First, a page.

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As the four members of Polvo took to the Cat’s Cradle stage for the first time in a decade Saturday night, the clock at stage leftglowing a piercing blue against the dark venueread 11:37 p.m. At that late hour, after opening sets from Noncanon and Des Ark, the venue’s floor was flooded by a mass of fans, a saturated canvas of people stretching from stage edge to back bar without break. They were eager for the return of one of the most distinctive, influential bands to emerge in the 1990s indie rock scene, and that’s what they got. Sort of.

Indeed, it’s been a while for Polvo: The canvas was dotted by members of the local scene’s current crop of musicians, many of them influenced by records Polvo made 15 years ago. Such a legacy shone onstage even before Polvo could get there. One could hear it in Noncanon’s tug-of-war between hypnotic repetitions and unexpected deviations in structure, and in Des Ark’s alternate tunings, dissonant notes and squirming guitar melodies.

Some superfans had driven hours or paid hundreds to get through the Cradle’s doors. A woman doled $100 each for two tickets and drove her husband, who had a broken leg, to Carrboro from Tennessee because he loved the band so. One guy drove from Orlando, Fla., and wouldn’t stop talking about how Polvo was the greatest, how he would have driven anywhere to see them, how certain he was that a reunion would never happen. He was glad it did.

But, for the band, this wasn’t a reunion gig: “We don’t think of it as a ‘reunion’ necessarily. We’re sort of looking ahead,” Dave Brylawski, one half of Polvo’s famously intertwining guitars, said before the show.

“It’s the next chapter,” continued bassist Steve Popson.

As the set progressed, their assertions made sense: New songs were added to the mix, including the set opener, listed on guitarist Ash Bowie’s setlist as “Mega.” While some old favorites, like 1994’s “Fractured (Like Chandeliers),” were immediately recognizable, others had changed significantly. And at least one warped by accident after the head of Brylawski’s amplifier failed. As he scrambled for a replacement, the remaining membersoriginals Bowie and Popson with new drummer Brian Quastsimply repeated the riff until the problem was solved.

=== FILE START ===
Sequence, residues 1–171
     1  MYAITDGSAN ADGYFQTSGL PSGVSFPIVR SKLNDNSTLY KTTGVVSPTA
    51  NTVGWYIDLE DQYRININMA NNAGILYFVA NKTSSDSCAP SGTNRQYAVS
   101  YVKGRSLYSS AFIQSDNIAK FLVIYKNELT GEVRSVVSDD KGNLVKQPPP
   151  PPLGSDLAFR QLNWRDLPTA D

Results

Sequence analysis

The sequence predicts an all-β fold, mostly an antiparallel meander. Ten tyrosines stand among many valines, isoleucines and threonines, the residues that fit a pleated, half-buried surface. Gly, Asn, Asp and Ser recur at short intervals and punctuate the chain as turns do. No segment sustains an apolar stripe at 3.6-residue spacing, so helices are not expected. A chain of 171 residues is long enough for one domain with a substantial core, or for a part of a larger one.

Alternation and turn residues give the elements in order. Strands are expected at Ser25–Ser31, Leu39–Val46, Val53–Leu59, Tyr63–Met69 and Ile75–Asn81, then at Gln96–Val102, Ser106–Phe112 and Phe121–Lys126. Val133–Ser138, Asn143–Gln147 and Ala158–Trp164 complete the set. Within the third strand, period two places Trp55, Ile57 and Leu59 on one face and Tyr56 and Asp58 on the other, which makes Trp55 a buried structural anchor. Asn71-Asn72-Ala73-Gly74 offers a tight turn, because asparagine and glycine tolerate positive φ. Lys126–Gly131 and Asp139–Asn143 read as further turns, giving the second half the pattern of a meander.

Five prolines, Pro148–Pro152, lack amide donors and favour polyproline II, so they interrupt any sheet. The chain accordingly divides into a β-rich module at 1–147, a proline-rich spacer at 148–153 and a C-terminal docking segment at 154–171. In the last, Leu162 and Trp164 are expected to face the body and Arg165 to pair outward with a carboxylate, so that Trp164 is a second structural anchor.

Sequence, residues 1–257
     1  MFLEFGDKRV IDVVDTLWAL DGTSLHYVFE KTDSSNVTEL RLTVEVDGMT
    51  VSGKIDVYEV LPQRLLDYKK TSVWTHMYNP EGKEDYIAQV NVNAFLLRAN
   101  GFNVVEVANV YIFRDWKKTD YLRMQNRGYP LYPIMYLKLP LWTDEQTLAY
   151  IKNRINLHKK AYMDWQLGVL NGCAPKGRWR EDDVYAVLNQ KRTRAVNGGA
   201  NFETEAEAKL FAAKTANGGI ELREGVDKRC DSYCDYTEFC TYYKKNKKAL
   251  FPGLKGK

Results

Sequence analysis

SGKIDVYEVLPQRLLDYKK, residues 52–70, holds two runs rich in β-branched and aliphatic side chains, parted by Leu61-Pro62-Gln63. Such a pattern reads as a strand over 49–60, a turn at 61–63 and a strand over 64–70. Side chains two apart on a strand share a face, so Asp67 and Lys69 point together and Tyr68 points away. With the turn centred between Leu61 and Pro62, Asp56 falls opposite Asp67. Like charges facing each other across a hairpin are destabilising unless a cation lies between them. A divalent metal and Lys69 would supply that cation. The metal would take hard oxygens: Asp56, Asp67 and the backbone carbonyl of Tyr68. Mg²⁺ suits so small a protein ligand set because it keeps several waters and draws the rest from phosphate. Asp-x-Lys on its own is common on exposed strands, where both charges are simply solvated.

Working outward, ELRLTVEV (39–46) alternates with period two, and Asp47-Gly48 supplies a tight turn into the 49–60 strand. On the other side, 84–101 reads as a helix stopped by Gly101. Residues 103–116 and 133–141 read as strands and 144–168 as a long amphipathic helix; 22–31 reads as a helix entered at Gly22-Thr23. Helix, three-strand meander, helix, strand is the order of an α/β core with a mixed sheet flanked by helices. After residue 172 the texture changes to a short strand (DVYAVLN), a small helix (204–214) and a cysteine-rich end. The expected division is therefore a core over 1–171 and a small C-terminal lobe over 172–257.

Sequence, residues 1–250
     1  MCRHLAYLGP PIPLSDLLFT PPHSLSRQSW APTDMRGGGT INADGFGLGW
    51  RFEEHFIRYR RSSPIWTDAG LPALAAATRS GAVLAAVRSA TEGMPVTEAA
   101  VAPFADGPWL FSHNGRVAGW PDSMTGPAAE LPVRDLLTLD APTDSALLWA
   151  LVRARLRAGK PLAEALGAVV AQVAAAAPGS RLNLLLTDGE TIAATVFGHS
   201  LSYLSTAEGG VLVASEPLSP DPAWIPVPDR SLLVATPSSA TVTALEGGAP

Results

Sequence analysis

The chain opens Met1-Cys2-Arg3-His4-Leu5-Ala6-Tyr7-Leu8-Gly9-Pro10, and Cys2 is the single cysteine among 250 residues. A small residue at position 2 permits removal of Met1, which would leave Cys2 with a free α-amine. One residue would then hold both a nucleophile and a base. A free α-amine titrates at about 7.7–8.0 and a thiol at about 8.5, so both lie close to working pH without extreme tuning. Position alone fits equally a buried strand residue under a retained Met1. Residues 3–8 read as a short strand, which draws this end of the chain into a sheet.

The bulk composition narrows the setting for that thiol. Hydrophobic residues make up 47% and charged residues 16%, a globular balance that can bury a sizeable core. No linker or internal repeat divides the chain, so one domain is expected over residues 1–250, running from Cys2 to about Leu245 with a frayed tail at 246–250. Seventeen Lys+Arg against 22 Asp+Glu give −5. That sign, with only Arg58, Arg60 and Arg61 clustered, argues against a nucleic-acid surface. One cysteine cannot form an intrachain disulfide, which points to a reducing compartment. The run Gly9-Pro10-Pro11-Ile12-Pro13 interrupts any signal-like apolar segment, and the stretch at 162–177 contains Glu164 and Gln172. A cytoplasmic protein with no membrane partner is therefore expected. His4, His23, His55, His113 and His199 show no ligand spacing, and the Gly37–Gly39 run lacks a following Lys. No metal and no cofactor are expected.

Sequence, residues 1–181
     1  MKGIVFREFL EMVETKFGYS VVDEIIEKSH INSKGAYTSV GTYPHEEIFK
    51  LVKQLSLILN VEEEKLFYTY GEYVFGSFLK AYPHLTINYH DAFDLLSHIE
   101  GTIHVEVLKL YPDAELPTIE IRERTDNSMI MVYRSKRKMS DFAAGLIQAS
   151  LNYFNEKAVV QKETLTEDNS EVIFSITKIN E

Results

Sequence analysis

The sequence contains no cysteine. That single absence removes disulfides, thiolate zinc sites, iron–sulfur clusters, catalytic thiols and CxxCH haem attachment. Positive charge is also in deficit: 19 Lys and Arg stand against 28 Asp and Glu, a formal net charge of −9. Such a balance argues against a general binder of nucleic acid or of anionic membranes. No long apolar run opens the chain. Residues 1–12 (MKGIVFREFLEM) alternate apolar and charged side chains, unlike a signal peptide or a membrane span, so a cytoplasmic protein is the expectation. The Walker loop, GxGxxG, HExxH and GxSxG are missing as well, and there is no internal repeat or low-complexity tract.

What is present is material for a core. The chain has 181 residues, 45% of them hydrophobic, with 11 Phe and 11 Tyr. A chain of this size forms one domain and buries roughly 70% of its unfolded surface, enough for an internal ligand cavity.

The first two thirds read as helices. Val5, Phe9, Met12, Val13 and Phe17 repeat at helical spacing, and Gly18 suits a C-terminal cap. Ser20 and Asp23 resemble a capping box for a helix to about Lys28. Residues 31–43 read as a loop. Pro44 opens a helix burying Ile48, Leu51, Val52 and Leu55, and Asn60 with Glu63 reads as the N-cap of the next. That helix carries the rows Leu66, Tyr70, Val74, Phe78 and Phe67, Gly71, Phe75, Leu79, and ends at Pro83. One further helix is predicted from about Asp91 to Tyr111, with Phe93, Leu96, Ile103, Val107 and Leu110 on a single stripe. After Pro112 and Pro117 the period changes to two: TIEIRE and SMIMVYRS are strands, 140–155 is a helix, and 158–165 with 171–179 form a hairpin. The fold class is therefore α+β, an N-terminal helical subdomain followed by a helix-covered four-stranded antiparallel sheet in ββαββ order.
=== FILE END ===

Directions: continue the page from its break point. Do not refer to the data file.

The band maintained its core dynamic of repeated variations on a riff that suddenly veered in new directions with rhythm shifts or a new two-guitar slither. But this was Polvo as Polvo is, not as Polvo was. The band seemed confident, less reliant on abruptness than on finesse these days.

“I don’t think many bands get a second chance to revisit old material and sort of retrofit stuff,” said Brylawski. “There’s an ease to it, that the sense of urgency when you’re younger is gone, but that’s sort of a calming thing.”

Maybe the urgency was just different, though, because it was certainly there, on the stage, a band with veteran poise meeting a hungry crowd. An equipment malfunction that could have ruined the show seemed like a reason to keep going. And when Polvo finally exploded into “Tragic Carpet Ride” to close the show, the audience exploded with them, as if everyone had been given a second chance simply because these old songs had found new air in an old, familiar environment.